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South Korea sends warship to Gulf after Iran seizes oil tanker

South Korea’s defence ministry says destroyer near the Strait of Hormuz is carrying members of an anti-piracy unit
South Korean naval destroyer ROKS Choe Yeong in an undated picture, a similar South Korean destroyer has been sent to the Persian Gulf (AFP)

A South Korean naval destroyer sailed into Persian Gulf waters on Tuesday, less than a day after Iranian naval forces had seized a Korean-flagged oil tanker and its crew members. 

South Korea’s Ministry of Defence said on Tuesday that its destroyer had arrived near the Strait of Hormuz, which borders Iran, carrying members of an anti-piracy unit.

“[It] was carrying out a mission to ensure the safety of our nationals,” the ministry said, without elaborating on details. 

Seoul said that it had had 300 members of the anti-piracy Cheonghae unit operating in the region since last year, but “would not engage in [an] offensive operation… The unit is focused on the safety of our people who use the waterway after the seizure incident”, AFP reported.

Iran seizes South Korean tanker in Gulf waters
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On Monday, Iran had seized the Hankuk Chemi, a South Korean-registered tanker, in Gulf waters, as tensions mounted between the two countries over Iranian funds frozen in South Korean banks due to US sanctions.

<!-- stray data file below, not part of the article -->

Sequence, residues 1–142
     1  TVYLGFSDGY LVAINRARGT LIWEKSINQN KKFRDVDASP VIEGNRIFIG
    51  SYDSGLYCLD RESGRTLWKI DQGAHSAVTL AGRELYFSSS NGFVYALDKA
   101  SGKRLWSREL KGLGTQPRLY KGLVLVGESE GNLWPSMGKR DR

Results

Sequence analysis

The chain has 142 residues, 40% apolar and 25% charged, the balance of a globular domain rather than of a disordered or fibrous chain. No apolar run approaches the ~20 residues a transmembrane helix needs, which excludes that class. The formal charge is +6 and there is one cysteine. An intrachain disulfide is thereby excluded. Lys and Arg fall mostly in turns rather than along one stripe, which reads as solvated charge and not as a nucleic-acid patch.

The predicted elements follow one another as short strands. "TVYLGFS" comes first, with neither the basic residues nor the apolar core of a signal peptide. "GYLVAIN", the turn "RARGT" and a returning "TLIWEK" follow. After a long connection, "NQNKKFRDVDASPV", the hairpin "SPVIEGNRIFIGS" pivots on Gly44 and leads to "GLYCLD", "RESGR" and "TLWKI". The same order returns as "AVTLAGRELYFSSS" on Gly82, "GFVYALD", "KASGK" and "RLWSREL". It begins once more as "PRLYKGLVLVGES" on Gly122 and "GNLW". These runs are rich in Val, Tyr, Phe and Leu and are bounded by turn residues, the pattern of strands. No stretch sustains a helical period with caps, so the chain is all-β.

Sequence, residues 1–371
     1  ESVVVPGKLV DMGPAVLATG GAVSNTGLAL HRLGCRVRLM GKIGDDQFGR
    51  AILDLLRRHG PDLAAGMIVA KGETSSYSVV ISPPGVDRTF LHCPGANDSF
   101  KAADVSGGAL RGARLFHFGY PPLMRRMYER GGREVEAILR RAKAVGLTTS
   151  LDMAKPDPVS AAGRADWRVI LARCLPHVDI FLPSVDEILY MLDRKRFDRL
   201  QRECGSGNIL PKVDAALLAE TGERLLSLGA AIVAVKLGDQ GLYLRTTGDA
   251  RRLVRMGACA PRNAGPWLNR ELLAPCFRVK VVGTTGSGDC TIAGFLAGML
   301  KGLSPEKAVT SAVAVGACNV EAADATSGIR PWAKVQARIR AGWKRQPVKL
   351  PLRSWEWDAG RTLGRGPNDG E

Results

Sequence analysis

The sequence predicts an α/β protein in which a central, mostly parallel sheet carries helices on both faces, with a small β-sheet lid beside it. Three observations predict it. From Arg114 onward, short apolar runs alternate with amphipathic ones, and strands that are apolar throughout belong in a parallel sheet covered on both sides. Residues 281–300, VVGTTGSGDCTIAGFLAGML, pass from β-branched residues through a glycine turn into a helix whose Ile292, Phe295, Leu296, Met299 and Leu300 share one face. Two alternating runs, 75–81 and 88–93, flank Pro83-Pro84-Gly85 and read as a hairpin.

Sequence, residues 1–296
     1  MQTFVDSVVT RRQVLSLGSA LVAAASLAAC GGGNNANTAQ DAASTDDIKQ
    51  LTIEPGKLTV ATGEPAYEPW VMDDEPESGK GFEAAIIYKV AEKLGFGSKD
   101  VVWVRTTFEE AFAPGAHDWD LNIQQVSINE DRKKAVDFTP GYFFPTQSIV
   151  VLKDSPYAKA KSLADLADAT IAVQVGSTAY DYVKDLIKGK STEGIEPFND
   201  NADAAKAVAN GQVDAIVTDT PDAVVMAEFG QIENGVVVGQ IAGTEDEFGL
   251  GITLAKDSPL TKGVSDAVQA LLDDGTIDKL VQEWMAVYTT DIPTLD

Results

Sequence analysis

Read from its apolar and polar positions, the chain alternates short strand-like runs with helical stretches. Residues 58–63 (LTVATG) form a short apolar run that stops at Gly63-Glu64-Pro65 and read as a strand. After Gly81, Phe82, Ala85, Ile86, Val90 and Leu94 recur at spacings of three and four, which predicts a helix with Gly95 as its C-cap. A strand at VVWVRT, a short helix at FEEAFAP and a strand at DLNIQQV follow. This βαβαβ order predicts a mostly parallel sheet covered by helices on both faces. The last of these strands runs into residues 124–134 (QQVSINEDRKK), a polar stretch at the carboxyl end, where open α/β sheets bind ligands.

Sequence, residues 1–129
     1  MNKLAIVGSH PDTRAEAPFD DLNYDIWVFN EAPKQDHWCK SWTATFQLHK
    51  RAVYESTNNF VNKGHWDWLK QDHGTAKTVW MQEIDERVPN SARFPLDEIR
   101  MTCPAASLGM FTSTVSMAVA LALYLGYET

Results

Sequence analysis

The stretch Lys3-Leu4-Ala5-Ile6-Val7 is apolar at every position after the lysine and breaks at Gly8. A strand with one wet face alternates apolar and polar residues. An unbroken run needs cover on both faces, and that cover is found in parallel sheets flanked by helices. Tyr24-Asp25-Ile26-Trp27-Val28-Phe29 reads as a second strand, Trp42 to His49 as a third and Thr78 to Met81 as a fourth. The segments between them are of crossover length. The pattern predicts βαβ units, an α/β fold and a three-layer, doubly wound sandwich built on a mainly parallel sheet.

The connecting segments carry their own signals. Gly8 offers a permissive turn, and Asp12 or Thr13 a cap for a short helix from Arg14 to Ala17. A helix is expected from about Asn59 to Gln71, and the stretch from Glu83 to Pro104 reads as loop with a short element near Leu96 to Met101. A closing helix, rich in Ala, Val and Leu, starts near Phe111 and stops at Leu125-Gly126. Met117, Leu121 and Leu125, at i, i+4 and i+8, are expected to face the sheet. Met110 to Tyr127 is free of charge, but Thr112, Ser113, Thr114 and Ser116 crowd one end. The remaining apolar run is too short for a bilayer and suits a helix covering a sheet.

According to Abdolnaser Hemmati, governor of the Central Bank of Iran, the country has "$7bn of deposits in South Korea" that can neither "be transferred nor do we get any returns on, while they ask us for the costs" of holding the funds.

Iran said that the Hankuk Chemi, which was carrying 7,200 tonnes of ethanol, had infringed maritime environmental laws.

Iranian state TV reported that Iran's Islamic Revolutionary Guard Corps (IRGC) had captured the vessel because it was allegedly polluting the Gulf with chemicals. 

Images posted by Iran's semi-official Tasnim agency showed IRGC guard speedboats escorting the tanker.

Iran resumes uranium enrichment

The ship, according to Tasnim, had been taken to the Iranian port city of Bandar Abbas and its crew - which included nationals from South Korea, Indonesia, Vietnam and Myanmar - were arrested.

Choi Young-sam, South Korea’s Foreign Ministry spokesman, said an official delegation would be "dispatched to Iran at the earliest possible date to try to resolve the matter through bilateral negotiations".

On Tuesday, Iran said it had launched a two-day military exercise, featuring domestically produced drones.

On Sunday, the country announced that it had resumed uranium enrichment at pre-nuclear-deal levels of 20 percent.

The announcements and increased tensions in Gulf waters coincided with the first anniversary of the killing of top Iranian general Qassem Soleimani by a US drone strike in Baghdad.